The law includes $8 million to implement the transition plan and $7 million for a newly created fund for a coal transition worker assistance program. The funding, which Polis called a "an important down payment on helping people get the jobs of the future," will go to assistance programs for workers. Any remaining money would then go towards supporting family and other household members of coal transition workers. The plan also creates a pilot program to test coal transition work support programs.

Denver Local 111 Business Manager Rich Meisinger says the transition will help members employed at coal plants by giving them a pathway to a new job, or to retirement, depending on the member.

"Jobs in power plants are typically cradle-to-grave jobs. Most of our members take these jobs and work at the plants their entire careers. The only skills the worker has are skills that benefit the power plant," Meisinger said. "Since legislation is forcing the closure of the plants, the government should help those impacted workers. We won't have a just transition if we don't pay for it."

Polis also signed the Increasing Access to High-Quality Credentials bill, which provides financial incentives for participating school districts and charter schools to encourage high school students to enroll in and complete programs like internships, residencies and pre-apprenticeships.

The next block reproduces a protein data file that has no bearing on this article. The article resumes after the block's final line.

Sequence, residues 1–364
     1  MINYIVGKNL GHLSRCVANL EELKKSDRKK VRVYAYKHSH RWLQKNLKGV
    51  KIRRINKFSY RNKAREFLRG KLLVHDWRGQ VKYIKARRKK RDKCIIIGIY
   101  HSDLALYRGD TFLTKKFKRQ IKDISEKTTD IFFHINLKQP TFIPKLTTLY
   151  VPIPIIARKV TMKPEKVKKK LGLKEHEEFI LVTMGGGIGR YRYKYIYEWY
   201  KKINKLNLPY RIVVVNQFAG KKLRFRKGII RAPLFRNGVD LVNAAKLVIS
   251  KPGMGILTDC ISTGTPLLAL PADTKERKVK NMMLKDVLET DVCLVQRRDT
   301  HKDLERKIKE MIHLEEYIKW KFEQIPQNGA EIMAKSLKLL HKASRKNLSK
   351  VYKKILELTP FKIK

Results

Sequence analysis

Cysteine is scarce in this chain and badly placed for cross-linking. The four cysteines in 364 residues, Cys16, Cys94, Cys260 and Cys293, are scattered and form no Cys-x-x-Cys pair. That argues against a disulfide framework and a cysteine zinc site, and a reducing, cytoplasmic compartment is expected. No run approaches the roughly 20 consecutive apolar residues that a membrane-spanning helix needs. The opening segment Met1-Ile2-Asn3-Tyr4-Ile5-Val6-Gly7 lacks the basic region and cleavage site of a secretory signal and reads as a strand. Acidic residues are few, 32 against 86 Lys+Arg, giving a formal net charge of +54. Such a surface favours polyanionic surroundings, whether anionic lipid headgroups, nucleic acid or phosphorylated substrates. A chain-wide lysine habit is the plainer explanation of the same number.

"This bill could potentially help all the IBEW locals in the state," Meisinger said. "The money from HB 1290 can go to the creation of new training centers where we can do training for various certifications, including those needed for electric vehicle charging stations."


Colorado's new energy legislation aims to create good-paying jobs in the energy sector while also meeting climate goals, and does so with the backing of the IBEW and other labor unions.

A Fan in the White House has Railroad Workers
Hopeful for the Future

A handful of hope-inducing railroad measures and policies have emerged in Washington the past few months, making IBEW members in the union's Railroad branch cautiously optimistic that they could halt the devastating trend of railroad worker layoffs across all crafts in recent years.

"Having Joe Biden, a longtime champion of Amtrak and rail workers, in the White House has really buoyed our Railroad members," said International President Lonnie R. Stephenson. When he was in Congress, Biden famously commuted almost daily via Amtrak between Washington and his family's home in Delaware.

Biden's Build Back Better infrastructure plan includes tens of billions for Amtrak, freight rail and regional rail systems, money that would mean new jobs, overtime and stability for workers who have increasingly felt the pinch from dramatic cost-cutting in the industry.

In recent years, railroad workers by the thousands, across all crafts, have been furloughed following most major rail systems' implementation of something called "precision railroad scheduling." PSR, explained Railroad Director Al Russo, is a radical efficiency scheme that threatens rail workers' safety by drastically slashing jobs, consolidating rail services, and deferring facility and equipment maintenance, all with one accounting goal in mind: to increase profits by dramatically reducing the money a railroad spends on operations.

"Look, no one supports precision and efficiency more than the IBEW," Russo said. "But while the railroads are raking in record profits, our rail members are really hurting — the ones who have lost their jobs plus those left behind who are expected to do more work for the same pay while staying as safe as possible."